I started feeling the discomfort with comics… and it actually happened years ago. Collecting comics had been the great passion in my life for decades, but a change in my financial situation first left no budget to collect, and eventually led to a massive liquidation of the heart of my collection. Complete runs of Fantastic Four, Amazing Spider-man, The Uncanny X-Men, The Avengers, basically every Marvel Silver Age first appearance and key issue… it was necessary at the time, but the experience took a toll on my love of collecting comics. Although I hear the call of old comics, the thought of starting over on a collection just isn’t appealing. I did miss a lot of the stories and characters, though.

A few years ago, I discovered a thing called Marvel Unlimited. Long story short, for a pretty reasonable yearly subscription, I get access to thousands of issues of Marvel history… even through my iPhone, wherever I am. I like this service. I get to re-read all my favorite stories whenever I want, and even try a lot of new-to-me comics that I wouldn’t have gotten interested in, back when reading the story meant tracking down back issues in comic stores and conventions scattered across this great land of ours. In many ways, technology has left the physical comic book behind; paper comics aren’t well-suited to modern methods of distribution and consumption. Comic books are still what they always were, but the essence of the stories and characters are traveling so much faster and more widely through digital means. The books weren’t able to keep up with things changing around them… almost like an anterograde amnesia, comic books couldn’t process or adapt to the inevitable future.

But there was another part to my comic collecting. Yes, I liked reading the stories and spending time with the characters, but in the days before instant global full-video communication, there was much more of a thrill of the chase to it. I finally found my last Fantastic Four, issue #15, when I was set up at a small local convention, and a guest was looking to sell this and some other books, and another dealer who knew I was looking for it pointed me out to the guy. I had been looking for it for years… it wasn’t because I couldn’t afford it, I didn’t have the book in my collection because I had simply never come across one in all that time of looking. That was part of comic collecting, and comic dealing, knowing about who wants what and making connections. Knowing your business. You can now buy and sell pre-graded, plastic-sealed comics that you can never actually touch or open, without leaving your chair. Completing a collection is less about archeological detective work, and more about having a credit card without a limit. Modern comic collecting, actually buying old comic books, has become less about knowing the comics than about picking the right lottery ticket. In our zeal to make the transfer and sale of comics easier and faster, we lost a certain amount of institutional knowledge: collectors at the highest levels are often investors or speculators in a stock, and not necessarily a fan, advocate, or expert on the actual comics. The modern methods of both casual consumption and high-end collecting have forgotten important aspects of their history… they suffer from retrograde amnesia.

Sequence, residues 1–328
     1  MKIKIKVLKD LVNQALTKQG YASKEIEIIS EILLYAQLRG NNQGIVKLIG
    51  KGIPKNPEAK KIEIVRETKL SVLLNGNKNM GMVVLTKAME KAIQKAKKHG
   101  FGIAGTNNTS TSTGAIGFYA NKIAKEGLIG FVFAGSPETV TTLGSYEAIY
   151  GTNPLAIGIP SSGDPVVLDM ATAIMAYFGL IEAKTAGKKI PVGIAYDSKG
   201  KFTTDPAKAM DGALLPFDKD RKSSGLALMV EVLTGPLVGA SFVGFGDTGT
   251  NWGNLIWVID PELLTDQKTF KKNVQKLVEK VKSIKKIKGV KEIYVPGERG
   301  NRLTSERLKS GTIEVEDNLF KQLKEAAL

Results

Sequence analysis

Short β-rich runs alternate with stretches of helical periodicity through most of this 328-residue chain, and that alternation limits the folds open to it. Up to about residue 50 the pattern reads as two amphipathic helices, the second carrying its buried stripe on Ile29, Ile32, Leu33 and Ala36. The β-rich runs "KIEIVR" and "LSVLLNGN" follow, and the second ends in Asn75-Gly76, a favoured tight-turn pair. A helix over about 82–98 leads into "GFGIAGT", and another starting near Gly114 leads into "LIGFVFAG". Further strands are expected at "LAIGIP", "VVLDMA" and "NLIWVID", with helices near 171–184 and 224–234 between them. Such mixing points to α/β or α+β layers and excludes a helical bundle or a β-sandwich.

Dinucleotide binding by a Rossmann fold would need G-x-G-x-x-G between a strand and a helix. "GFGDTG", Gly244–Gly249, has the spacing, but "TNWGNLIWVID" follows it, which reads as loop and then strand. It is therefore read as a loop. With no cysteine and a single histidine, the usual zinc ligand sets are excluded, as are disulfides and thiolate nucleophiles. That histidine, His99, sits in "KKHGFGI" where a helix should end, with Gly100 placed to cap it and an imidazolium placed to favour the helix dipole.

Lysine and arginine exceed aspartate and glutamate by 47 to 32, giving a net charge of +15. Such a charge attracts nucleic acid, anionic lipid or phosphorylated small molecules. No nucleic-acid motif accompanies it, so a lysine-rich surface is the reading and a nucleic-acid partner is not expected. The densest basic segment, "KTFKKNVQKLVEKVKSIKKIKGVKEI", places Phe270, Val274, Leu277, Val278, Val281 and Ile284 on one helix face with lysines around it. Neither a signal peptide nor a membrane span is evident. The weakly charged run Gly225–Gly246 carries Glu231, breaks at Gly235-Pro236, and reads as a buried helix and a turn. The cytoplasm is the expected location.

All that had been floating around in my head for awhile, and I’d thought about it in different directions trying to make sense of it; trying to figure out the essence of what drew me to comic collecting. It was only more recently, as I’ve been curating various old computers, tvs, stereos, and music instruments, that I started thinking about tech in those same terms. For instance, I have paid for at least five different copies of one of my favorite songs, Man Out of Time, by Elvis Costello: vinyl album, cassette tape, CD, and digital download. At several junctures, I realized that I was paying for something I already “owned,” in principle: when I bought that first vinyl album, I bought the right to listen to that song as many times as I wanted for perpetuity; but I rationalized the purchase as a fair trade of dollars to avoid the time, hassle, and expense of acquiring and operating the equipment necessary to do a quality conversion. The formats of their time had anterograde amnesia, and couldn’t continue to function with excellence as time and tech went on. The next greatest formats always had retrograde amnesia, and my tape player forgot about all the music my record player knew, as the CD would in turn forget about my institutional knowledge from the tape.